No. 17 (2005): Special Issue
Articles

Possibilities of downsizing sweet cherry trees via growing techniques

Published September 14, 2005
Katalin Király
Debreceni Egyetem Agrártudományi Centrum Gyümölcstermesztési Tanszék
pdf

APA

Király, K. (2005). Possibilities of downsizing sweet cherry trees via growing techniques. Acta Agraria Debreceniensis, (17), 71-74. https://doi.org/10.34101/actaagrar/17/3273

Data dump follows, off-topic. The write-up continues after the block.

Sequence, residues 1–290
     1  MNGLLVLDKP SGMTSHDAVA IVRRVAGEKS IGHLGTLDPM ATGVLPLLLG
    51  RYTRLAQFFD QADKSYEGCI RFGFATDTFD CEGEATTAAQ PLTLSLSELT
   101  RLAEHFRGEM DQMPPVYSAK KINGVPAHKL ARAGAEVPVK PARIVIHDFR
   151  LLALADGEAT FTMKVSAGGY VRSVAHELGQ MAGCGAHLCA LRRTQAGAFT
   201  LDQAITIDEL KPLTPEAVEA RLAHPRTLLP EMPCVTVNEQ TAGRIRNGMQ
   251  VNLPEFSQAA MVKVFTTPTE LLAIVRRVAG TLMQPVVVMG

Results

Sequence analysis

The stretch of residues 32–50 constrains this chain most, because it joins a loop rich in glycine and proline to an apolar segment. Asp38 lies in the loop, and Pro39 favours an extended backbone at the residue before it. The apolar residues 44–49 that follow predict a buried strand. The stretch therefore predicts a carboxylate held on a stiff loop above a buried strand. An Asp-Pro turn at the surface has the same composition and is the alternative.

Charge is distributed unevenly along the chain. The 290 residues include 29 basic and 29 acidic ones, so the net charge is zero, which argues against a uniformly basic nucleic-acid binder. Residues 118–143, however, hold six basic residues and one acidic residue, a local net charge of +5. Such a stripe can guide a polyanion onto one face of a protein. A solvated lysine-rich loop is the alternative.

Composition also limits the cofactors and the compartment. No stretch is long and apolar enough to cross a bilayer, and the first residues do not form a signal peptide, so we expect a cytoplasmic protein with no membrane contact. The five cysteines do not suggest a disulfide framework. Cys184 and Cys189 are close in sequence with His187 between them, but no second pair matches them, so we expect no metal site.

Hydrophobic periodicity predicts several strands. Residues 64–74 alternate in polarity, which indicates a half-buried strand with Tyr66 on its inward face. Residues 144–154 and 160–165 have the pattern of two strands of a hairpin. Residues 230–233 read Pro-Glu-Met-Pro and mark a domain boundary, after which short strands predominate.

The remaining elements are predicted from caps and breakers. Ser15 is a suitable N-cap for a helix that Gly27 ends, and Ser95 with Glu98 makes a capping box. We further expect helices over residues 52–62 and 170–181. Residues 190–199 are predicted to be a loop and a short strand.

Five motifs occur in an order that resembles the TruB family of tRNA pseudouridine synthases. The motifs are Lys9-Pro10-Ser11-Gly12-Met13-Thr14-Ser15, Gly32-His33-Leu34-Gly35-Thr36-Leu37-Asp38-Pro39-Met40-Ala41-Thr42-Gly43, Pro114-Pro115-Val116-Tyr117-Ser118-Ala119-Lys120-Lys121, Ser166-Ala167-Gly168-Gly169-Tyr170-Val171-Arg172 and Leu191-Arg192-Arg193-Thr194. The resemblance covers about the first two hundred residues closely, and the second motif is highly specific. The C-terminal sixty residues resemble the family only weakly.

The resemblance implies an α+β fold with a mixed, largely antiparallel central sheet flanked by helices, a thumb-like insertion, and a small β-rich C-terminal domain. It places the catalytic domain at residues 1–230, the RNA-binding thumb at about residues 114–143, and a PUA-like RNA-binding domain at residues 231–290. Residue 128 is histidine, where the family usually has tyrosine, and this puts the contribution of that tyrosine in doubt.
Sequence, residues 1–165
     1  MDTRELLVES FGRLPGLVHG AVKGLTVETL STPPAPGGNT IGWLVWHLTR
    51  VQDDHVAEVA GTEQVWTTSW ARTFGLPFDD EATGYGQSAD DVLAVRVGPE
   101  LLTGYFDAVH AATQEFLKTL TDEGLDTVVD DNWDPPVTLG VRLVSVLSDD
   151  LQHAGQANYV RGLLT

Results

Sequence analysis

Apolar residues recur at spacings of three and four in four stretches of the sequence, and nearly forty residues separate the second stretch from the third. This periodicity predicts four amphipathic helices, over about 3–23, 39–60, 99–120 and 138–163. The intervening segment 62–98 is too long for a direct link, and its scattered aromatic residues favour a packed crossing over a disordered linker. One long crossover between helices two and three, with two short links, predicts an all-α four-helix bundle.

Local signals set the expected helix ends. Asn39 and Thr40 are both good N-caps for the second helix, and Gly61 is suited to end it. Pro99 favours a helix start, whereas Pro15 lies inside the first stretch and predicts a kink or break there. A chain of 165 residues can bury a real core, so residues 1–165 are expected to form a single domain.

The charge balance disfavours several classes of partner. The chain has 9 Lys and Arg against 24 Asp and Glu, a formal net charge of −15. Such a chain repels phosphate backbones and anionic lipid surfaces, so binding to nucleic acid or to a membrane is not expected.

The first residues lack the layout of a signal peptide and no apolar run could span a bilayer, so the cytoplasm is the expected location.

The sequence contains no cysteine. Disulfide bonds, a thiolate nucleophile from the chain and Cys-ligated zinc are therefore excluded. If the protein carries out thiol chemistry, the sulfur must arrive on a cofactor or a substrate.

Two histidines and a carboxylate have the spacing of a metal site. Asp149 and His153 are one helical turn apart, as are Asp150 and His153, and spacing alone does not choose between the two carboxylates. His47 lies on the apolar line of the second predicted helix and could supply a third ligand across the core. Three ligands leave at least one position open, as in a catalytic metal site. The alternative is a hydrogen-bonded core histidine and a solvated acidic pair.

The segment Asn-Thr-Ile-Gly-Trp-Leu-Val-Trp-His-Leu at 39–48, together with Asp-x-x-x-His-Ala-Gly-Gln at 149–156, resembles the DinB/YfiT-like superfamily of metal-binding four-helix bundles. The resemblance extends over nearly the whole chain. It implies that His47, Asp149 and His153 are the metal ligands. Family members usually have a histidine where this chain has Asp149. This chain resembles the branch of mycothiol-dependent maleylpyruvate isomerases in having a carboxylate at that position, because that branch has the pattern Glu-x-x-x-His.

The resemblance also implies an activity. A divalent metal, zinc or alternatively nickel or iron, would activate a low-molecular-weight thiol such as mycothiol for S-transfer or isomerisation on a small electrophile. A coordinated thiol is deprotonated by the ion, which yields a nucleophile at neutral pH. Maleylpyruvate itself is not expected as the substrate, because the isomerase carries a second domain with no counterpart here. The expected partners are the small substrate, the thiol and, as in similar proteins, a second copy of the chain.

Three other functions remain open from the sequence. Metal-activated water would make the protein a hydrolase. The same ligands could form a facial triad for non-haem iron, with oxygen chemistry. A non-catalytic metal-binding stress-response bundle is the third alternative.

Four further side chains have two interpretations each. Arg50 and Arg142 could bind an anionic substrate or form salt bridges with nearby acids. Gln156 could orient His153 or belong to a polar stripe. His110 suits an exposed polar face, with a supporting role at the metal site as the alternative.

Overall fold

By applying smaller crown sizes and intensive growing techniques, many advantages can be identified compared to the extensive orchards. Also, nursing/pruning and harvest work can be performed more effectively. The outer and inner quality parameters of the fruit and the effectiveness of plant protection techniques are improved. The smaller crown size enables us to apply technologies for ensuring yield safety (e.g. hail, rain, bird nets), resulting in an increase in productivity. The introduction of smaller trees poses a great challenge to cherry production. Trials with dwarfing rootstocks have not yet been successful, therefore, we must use the cv. Mahaleb rootstock, which is excellently adapted to the Hungarian conditions, and also has a stronger growth. In addition, rootstocks with such strong growth are needed for the necessary regeneration of the productive parts of cherry cultivars, there is a need for. At the research garden of the University of Debrecen in Pallag, we planted 21 cherry cultivars on cv. Mahaleb (CT500) rootstock, in a 4 m x 1 m spacing pattern, in the spring of 2000. In our study, we demonstrated the possibilities of developing and maintaining the string super spindle through repeated summer pruning, in terms of growth, bud and fruit formation,. Based on these parameters, we determined which cultivars are the most suitable for intensive production.

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